A warrior spirit?

Over the protest of pacificists and leftist politicians, Prime Minister Shinzo Abe recently secured passage of legislation authorizing overseas combat missions for Japan’s military, overturning a decades-old policy of reserving the use of force for self-defense.

Enacted after WWII, the policy curbed Japan’s military activity abroad. Now the debate is how closely Japan wants to ally itself with U.S. military policy in Asia. One worry is that Americans will expect Japan to act as its “deputy sheriff” toward powerful countries like China and rogue states like North Korea. The debate ended after lawmakers began a brawl for control of the chairman’s microphone.   —Diane Richard, writer, September 23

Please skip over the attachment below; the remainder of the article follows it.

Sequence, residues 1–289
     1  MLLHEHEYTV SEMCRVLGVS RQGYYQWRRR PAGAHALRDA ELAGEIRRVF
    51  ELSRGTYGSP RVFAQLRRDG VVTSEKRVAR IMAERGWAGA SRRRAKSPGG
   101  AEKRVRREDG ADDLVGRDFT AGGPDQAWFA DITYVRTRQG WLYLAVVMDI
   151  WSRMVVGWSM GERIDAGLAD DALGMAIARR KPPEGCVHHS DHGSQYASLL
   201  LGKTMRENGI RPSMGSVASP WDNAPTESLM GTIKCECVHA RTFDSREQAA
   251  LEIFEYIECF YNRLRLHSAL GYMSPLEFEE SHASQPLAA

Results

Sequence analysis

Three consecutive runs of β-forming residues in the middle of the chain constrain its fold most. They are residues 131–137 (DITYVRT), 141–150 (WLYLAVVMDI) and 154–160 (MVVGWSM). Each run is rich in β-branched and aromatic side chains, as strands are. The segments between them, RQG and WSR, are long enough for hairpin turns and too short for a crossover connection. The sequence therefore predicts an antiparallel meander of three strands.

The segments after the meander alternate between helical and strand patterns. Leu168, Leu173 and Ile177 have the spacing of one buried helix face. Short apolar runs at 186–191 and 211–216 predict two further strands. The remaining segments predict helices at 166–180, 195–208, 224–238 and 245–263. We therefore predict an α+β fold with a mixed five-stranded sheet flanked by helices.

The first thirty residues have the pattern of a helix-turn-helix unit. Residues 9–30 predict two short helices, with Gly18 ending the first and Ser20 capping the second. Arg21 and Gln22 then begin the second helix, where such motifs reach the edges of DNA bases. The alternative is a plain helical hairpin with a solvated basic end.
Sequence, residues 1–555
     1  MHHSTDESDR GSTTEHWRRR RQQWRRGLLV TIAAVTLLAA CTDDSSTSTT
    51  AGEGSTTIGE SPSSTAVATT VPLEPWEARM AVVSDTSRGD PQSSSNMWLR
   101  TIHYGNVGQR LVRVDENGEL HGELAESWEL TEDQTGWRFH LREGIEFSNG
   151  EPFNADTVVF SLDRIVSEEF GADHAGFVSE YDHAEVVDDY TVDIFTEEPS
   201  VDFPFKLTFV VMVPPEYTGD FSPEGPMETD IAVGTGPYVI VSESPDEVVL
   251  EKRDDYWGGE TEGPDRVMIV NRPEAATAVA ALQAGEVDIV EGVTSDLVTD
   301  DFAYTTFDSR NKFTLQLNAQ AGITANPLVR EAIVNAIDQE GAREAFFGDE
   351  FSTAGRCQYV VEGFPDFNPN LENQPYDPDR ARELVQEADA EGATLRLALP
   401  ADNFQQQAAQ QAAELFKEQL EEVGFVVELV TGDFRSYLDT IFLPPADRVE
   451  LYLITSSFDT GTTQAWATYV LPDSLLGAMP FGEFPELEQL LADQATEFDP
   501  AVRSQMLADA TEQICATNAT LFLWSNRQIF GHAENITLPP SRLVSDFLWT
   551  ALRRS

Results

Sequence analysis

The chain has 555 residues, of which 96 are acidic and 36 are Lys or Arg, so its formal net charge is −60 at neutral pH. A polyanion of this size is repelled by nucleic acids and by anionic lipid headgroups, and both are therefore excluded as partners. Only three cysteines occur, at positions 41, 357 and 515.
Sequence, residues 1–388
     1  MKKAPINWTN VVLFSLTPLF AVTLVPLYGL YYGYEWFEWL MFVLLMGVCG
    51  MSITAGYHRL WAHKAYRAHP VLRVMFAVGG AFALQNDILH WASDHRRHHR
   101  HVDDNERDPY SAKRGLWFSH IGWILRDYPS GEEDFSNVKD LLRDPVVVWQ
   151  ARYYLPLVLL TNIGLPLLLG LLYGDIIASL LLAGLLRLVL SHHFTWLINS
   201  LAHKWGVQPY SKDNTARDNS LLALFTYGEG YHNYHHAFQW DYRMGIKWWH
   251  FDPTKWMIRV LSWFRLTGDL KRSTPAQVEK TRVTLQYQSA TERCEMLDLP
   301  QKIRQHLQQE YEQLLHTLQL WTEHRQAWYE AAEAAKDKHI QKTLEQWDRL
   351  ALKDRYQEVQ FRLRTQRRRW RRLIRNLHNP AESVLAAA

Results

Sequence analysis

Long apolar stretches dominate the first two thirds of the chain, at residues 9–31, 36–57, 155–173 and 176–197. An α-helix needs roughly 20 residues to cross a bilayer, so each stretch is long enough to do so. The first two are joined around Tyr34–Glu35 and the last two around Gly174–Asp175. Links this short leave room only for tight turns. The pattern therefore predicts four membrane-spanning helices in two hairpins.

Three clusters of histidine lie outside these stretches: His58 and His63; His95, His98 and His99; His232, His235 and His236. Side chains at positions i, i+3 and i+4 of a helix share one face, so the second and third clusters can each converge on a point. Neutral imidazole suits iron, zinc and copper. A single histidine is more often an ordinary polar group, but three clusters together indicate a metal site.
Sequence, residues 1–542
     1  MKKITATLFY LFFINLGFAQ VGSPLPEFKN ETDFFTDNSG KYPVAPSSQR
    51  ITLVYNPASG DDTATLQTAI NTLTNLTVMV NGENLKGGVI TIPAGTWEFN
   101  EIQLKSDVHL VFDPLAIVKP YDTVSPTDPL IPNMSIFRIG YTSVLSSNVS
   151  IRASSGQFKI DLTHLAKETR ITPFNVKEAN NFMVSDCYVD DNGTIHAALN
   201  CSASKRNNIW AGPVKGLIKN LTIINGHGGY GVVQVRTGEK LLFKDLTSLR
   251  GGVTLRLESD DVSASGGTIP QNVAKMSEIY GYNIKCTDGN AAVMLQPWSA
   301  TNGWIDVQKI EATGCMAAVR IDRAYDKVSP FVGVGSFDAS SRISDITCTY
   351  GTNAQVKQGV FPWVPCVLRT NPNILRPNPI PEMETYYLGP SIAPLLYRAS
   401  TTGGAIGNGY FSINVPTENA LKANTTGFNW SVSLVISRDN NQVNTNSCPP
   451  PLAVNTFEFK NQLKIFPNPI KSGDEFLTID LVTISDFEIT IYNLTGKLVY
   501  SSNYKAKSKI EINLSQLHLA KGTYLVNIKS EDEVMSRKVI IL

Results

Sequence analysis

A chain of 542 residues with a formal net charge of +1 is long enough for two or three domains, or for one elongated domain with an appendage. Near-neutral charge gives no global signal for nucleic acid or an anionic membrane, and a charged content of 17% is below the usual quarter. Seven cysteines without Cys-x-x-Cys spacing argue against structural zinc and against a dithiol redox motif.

Image: Yuya Shino/Reuters Source: Jonathan Soble, “Japan’s Parliament Approves Overseas Combat Role for Military,” The New York Times, September 18, 2015